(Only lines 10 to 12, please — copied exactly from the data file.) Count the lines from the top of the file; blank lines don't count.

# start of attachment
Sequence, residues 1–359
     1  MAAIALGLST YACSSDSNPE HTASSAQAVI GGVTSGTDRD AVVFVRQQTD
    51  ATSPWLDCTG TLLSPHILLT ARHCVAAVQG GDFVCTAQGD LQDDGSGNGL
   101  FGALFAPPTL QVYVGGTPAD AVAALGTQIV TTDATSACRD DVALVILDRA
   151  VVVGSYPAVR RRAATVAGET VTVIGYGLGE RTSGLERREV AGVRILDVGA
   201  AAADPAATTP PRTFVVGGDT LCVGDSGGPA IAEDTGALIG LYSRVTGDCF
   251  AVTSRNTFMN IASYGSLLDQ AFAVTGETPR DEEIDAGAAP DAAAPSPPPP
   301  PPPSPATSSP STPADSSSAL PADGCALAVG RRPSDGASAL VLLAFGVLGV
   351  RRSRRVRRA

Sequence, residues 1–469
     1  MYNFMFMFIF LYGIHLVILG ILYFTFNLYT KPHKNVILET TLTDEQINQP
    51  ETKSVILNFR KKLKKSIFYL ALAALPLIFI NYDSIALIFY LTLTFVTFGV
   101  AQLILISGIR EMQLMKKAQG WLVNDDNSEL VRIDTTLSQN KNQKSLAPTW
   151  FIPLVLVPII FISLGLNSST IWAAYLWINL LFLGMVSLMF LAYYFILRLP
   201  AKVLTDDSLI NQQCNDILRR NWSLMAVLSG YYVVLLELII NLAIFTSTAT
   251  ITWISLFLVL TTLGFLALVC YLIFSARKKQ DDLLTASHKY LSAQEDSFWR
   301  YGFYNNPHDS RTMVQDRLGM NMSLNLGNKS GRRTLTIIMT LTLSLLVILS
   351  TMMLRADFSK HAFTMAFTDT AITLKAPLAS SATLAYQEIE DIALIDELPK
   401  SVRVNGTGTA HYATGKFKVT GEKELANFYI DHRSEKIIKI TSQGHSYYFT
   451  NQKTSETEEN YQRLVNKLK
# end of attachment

Sequence, residues 1–469
     1  MYNFMFMFIF LYGIHLVILG ILYFTFNLYT KPHKNVILET TLTDEQINQP
    51  ETKSVILNFR KKLKKSIFYL ALAALPLIFI NYDSIALIFY LTLTFVTFGV